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Old Aug 6, 2006, 9:39 AM   #1
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Is it better to take over or under exposure if it is intended to edit the exposure late?Does same principle applies to digi and normal film?
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Old Aug 6, 2006, 6:45 PM   #2
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I believe slight overexposure is generally better. but the key there is slight. If you blow highlights they can't be recovered. But there are several articles out on the web that advise that 'exposing to the right' is the better alternative. i'm sure someone here has a link to one of the articles. Maybe on luminous landscape?
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Old Aug 6, 2006, 8:39 PM   #3
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I lean the other way on this one.For me, slight underexposure is better for the same reason JohnG mentions...blown-out highlights (overexposed areas) can rarely be recovered (as they were never really there in the first place)but underexposed areas can be boosted in the software. Not gospel; just my experience.

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Old Aug 6, 2006, 9:58 PM   #4
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Of course being spot on is better to utilize the full tonal range of the exposure, but if I had to chose I'd underexpose, you can usually salvage shadow detail especially in raw format, but overexposed highlight are gone forever.If yourcamera allows it and the subject matter is appropriate, like landscapes, I'd bracket toget theexact exposure.

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Old Aug 6, 2006, 11:10 PM   #5
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There's really no single proper answer. If you are shooting a scene with very limited dynamic range, the histogram will be concentrated in the center. In that case, it's better to overexpose to move the histogram just below the right border, then draw the values down in pp. But if you're shooting a wide dynamic range scene and both sides fall off the borders of the histogram, it's better to underexpose sufficiently to bring the highlights back within the right border. But then again. . .it really depends on what part of the photograph is most important to you. If the highlights aren't nearly as important to you as points in the shadows, then I'd be sure to have sufficient exposure to give the shadows proper detail, no matter what happened to the highlights.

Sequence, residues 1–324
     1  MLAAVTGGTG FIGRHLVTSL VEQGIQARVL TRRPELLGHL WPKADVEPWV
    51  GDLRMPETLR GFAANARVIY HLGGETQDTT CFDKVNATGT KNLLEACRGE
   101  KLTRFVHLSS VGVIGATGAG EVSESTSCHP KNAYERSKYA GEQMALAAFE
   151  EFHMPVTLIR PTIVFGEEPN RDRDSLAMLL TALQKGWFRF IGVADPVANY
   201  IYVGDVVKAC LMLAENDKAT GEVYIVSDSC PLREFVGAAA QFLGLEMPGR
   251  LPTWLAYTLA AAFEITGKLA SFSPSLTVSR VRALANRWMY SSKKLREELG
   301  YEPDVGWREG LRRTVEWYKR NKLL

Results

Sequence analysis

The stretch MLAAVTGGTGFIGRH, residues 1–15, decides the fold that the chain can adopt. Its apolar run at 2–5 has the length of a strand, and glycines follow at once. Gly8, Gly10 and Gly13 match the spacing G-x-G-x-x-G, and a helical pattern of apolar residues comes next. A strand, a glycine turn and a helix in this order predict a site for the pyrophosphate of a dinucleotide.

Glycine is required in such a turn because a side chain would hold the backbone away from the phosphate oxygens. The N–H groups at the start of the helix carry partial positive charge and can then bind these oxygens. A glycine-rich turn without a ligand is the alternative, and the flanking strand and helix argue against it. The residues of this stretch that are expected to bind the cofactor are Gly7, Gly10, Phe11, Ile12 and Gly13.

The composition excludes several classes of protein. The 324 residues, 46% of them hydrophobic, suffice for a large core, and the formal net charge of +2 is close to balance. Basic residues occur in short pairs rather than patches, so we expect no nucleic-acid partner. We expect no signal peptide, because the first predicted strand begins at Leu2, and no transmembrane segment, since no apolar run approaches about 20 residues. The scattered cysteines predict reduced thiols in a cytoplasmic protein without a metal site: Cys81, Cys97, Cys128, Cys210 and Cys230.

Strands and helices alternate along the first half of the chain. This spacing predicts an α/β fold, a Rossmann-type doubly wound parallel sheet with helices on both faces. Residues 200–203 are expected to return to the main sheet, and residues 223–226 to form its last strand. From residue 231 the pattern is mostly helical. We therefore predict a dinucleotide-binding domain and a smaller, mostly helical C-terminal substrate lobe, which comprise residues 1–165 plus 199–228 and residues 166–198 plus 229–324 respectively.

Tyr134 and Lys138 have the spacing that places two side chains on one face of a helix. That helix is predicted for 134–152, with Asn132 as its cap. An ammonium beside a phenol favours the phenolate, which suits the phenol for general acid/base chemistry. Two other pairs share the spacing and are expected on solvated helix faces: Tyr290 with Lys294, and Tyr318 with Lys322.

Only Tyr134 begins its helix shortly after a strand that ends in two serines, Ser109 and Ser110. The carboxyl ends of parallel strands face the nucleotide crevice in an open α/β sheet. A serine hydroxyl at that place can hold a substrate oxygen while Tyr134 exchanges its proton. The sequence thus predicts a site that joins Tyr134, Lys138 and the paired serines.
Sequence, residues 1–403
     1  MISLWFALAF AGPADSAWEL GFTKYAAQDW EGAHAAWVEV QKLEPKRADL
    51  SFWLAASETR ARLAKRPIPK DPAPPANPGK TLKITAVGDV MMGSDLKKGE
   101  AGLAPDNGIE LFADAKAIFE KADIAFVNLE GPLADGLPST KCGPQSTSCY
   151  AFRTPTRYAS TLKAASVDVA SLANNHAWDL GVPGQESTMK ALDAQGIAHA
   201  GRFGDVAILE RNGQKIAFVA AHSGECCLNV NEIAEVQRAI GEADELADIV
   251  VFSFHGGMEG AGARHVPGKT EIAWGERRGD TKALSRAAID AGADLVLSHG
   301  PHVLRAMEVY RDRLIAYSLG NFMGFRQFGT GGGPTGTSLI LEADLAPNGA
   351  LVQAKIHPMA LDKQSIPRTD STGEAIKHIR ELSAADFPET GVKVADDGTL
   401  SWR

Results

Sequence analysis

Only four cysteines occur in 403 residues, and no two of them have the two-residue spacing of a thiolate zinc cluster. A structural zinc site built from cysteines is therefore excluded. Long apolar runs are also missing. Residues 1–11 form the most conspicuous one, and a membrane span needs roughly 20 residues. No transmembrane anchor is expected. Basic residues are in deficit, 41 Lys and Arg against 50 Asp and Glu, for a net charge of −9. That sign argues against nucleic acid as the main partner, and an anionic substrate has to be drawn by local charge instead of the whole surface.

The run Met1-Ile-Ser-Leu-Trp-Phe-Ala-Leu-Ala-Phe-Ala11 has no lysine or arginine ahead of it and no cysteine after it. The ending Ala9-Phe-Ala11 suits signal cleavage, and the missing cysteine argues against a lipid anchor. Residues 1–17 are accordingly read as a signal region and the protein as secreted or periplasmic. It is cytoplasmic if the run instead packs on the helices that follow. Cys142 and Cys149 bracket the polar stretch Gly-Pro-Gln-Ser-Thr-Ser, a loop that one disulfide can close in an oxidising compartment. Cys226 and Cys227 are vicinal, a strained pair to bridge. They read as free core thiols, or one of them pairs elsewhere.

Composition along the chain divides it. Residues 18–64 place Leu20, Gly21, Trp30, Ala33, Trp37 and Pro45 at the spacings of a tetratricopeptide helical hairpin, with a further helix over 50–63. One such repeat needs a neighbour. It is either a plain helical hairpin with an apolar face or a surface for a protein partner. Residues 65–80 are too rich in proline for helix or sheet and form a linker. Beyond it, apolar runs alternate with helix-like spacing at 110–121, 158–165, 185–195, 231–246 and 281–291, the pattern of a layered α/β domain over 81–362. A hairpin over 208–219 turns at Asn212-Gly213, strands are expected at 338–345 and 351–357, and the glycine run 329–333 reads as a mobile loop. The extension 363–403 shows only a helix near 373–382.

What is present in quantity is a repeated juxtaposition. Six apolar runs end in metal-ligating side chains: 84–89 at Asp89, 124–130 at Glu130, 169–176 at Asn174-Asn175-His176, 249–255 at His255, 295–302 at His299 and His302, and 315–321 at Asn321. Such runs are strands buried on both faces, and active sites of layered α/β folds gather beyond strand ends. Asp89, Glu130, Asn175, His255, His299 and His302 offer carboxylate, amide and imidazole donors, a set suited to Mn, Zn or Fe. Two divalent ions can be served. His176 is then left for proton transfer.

The reason that shooting to the right is preferred is because of the distribution of light values throughout the measuring range; as one person put it, "Call the darkest portions Zone 1 and the lightest Zone 6. Zone 6 has two times the light of Zone 5, and captures (or quantifies) 2048 levels of light. Zone 5 has 1024 levels, Zone 4 - 512, Zone 3 - 256, Zone 2 - 128, and Zone 1 - 64. Thus you have many more light levels to work with in the higher zones, and you can achieve smoother gradations of color and contrast as you remap these levels during image editing."

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Old Aug 6, 2006, 11:14 PM   #6
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My intention is to nail the exposure....if I don't have the control over the situation I would like, I shoot it in RAW & underexpose slightly (for the reasons mentioned above).
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Old Aug 7, 2006, 11:23 AM   #7
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I used to buy into the logic of underexposing a little (like 1/3 stop), until I read somewhere (and from experience) that my D50 does that already. This is where that "expose to the right" comes in. I guess a lot of DSLRs already exposes to save camera shadow details. So camera results may vary.

Also from what I've read, at least for Nikon DSLRs, more pixels are used close to the "bright side" of the histogram (ie. the distribution is NOT linear), I think it's something like 2/3 of all pixels are used on the bright 1/3 area. So exposing to the right makes sense, at least for Nikon DSLRs, as you use more of the pixels.

I know this is a very loose decription, I don't remember the exact wording. I think it was done to capture more of the highlights. Maybe a more technical person can give the exact details.

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